Do you purchase aircraft material like it was 1995?
You throw out an offer ($$$), cross your fingers, and hope for the best.
You say to yourself, I know it’s 5% of the quoted price but let’s give it a good ‘ole try.
And try you do...
“Amanda, you quoted $10,000, but I can buy it for $5,000. Can you make it work?”
And the cycle repeats itself, on every part, on every RFQ. You toss the bait in the water and wait for a shark to bite.
If the sharks doesn’t bite, you keep fishing.
The price theory
Price is important.
It sets the standard. A benchmark.
But it’s the cost that’s going to bite you. Chomp, chomp.
Every time you process an order, you add $250 to your companies operating cost...for each PO.
Add up all the POs, plus your shipping cost and you chewed through a ton of costs chasing a price.
Hopefully, the price search reduced your cost but often times, it’s on the opposite that happends.
A great example of this is in a recent conversation I had with an airline purchaser.
The name will remain anonymous to avoid public scrutiny.
I said, “I’m 10% over fair market value for 10 components, but with our systematic approach to drive down total material costs, I can save you 30% overall. Your ROI is 20%, would you like to buy those components from me?"
He said no. No to a 20% ROI.
Can you believe it? Crazy.
Here's an article that says you should screen procurement candidates based on the ability to calculate % to change.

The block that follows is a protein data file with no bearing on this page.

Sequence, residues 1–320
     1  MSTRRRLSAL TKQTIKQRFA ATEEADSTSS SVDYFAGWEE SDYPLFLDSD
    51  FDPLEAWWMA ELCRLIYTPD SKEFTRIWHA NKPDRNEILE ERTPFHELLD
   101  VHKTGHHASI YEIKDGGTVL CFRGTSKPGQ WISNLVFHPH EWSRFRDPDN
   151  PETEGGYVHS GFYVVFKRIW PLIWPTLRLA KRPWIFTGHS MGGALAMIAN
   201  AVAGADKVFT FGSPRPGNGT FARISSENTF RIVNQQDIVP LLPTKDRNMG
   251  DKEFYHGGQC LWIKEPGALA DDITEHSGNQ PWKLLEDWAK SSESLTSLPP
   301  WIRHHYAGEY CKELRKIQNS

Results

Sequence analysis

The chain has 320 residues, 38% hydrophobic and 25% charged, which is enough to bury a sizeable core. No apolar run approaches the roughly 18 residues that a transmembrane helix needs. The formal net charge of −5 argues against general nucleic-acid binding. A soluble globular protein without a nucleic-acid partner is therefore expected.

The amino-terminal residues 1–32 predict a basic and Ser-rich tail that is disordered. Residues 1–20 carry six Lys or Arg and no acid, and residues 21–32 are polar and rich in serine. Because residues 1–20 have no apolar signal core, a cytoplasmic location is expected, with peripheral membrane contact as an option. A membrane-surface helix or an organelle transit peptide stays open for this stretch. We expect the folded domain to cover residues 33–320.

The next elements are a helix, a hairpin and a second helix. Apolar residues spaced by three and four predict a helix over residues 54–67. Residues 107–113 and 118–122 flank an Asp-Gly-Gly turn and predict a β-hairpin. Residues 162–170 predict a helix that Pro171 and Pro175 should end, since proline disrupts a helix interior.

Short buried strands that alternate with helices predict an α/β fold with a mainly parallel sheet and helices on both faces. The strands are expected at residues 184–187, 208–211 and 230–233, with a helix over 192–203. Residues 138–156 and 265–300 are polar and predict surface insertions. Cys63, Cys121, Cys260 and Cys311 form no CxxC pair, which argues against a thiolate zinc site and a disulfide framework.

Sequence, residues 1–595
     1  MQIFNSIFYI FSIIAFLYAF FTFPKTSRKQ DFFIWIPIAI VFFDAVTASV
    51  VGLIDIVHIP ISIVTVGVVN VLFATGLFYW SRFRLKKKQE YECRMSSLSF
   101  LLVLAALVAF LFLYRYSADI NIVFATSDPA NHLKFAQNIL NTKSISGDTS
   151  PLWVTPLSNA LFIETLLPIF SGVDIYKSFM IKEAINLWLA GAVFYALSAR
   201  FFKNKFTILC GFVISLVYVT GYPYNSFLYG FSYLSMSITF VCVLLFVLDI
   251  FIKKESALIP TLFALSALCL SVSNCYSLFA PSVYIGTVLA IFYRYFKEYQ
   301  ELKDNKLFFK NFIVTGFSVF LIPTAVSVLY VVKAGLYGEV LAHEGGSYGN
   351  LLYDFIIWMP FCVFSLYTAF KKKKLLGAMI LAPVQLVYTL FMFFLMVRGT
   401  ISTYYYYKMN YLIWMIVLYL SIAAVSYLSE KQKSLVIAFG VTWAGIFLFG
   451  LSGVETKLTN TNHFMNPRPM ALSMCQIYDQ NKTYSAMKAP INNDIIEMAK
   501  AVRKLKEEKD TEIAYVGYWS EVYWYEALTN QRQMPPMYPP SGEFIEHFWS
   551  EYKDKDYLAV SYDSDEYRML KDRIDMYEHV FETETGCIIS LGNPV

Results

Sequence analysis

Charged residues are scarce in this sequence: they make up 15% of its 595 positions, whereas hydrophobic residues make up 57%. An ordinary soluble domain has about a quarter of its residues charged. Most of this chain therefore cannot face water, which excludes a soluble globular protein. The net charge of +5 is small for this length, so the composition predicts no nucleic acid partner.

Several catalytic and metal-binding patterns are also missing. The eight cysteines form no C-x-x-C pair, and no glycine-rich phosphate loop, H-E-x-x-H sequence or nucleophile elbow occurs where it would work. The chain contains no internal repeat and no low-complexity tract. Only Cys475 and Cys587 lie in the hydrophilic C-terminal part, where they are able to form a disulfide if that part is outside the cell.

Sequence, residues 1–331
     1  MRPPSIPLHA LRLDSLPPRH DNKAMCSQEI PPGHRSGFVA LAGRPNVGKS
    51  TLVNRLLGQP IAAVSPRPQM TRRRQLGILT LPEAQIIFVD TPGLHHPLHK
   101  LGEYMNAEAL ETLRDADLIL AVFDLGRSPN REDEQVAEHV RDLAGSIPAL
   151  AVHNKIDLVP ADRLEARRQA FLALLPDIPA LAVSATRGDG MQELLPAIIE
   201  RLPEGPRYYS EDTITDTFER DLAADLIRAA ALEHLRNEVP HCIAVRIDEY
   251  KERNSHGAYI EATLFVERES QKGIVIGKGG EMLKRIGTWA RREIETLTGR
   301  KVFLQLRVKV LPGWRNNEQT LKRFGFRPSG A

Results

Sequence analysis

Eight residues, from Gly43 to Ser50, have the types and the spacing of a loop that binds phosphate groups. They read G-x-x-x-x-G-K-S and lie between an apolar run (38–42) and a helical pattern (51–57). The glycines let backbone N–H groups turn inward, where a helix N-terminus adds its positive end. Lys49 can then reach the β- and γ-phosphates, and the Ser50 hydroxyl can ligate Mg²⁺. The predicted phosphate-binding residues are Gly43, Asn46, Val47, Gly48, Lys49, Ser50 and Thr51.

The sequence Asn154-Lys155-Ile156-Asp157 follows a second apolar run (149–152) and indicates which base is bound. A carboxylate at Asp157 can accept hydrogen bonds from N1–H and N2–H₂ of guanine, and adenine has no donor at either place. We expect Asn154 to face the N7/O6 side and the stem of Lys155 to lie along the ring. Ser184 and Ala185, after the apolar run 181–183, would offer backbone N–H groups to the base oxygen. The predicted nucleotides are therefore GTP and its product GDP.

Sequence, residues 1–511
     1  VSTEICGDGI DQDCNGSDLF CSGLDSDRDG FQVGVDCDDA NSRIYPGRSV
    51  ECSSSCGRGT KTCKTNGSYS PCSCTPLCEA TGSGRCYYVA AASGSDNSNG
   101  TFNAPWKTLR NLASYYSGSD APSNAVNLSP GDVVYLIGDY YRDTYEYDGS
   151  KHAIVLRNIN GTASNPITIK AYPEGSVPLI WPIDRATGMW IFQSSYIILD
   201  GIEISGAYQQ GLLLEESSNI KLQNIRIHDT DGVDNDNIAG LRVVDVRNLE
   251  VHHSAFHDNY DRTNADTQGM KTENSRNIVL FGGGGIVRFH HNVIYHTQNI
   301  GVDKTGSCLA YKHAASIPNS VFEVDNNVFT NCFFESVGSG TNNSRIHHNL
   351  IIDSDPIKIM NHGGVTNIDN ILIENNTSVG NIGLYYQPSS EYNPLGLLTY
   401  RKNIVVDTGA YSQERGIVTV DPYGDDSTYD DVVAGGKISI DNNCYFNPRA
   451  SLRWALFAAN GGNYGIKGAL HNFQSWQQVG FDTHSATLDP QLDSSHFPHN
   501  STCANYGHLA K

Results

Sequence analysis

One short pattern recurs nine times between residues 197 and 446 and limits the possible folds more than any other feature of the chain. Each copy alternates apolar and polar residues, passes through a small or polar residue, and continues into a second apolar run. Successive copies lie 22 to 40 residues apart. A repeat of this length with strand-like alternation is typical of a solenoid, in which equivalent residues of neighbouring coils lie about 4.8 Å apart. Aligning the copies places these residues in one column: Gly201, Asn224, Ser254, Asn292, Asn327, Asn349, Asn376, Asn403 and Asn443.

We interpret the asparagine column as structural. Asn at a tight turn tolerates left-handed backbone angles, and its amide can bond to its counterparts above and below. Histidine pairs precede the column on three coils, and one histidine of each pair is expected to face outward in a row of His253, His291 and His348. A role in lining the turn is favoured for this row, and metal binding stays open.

However, it's much more important to see how much total cost is being removed and what efficiencies are being created in order to continue to drive down total material cost.
This is a fundamental flaw in procurement.
Upgrade your purchasing skills
In order for you to be an effective buyer, you have to act like one. Chasing only the lowest hanging fruit with the cheapest price seems logical, but it’s not.
Here are some critical ways to up your skills:
Start with the end in mind. You should know how your purchasing decision will impact costs from the time of purchase to the time it’s put on a shelf...or aircraft.
Look for ways to remove cost from the supply chain. Can you order 10 parts from 1 trusted material advisor? Can you reduce the occurrence of order issues?
Don’t negotiate everything.
Do negotiate if you have a benchmark. Let’s say your preferred material partner is high on 2 out of the 10 parts, have a discussion with them.
When you do negotiate, compare the cost of your decision if the other party does not budge. Can you still reduce cost somewhere?
PLEASE do not ship o-rings from 5 different places.
Have a meeting with your preferred material partner, discuss the ways you can leverage the items you need today, with items you will need for other strategic projects.
Do not buy just on price. Review price and then understand how each decision will impact overall cost.
Effective buyers don’t bully their suppliers. They don’t yell and scream. They negotiate win/win scenarios. They build long-term partnerships.
When you’re fun to work with, you’ll get a lot more from your sales counterpart.
Start today. Be more effective. Pay attention to your total cost, and be a much better purchaser.
P.S. We’re thinking about creating a purchasing course. Are you interested? Click button below...